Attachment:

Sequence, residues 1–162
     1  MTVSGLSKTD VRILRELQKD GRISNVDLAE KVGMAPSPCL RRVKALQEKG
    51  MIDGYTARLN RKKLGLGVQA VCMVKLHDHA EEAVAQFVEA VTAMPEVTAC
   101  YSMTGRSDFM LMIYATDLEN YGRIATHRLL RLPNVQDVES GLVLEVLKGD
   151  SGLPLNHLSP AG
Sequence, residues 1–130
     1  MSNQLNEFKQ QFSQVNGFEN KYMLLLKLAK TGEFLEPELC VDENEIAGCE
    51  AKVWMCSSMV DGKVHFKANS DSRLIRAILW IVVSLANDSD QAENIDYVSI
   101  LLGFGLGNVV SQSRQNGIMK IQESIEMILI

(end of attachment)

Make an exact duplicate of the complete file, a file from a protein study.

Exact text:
Sequence, residues 1–162
     1  MTVSGLSKTD VRILRELQKD GRISNVDLAE KVGMAPSPCL RRVKALQEKG
    51  MIDGYTARLN RKKLGLGVQA VCMVKLHDHA EEAVAQFVEA VTAMPEVTAC
   101  YSMTGRSDFM LMIYATDLEN YGRIATHRLL RLPNVQDVES GLVLEVLKGD
   151  SGLPLNHLSP AG
Sequence, residues 1–130
     1  MSNQLNEFKQ QFSQVNGFEN KYMLLLKLAK TGEFLEPELC VDENEIAGCE
    51  AKVWMCSSMV DGKVHFKANS DSRLIRAILW IVVSLANDSD QAENIDYVSI
   101  LLGFGLGNVV SQSRQNGIMK IQESIEMILI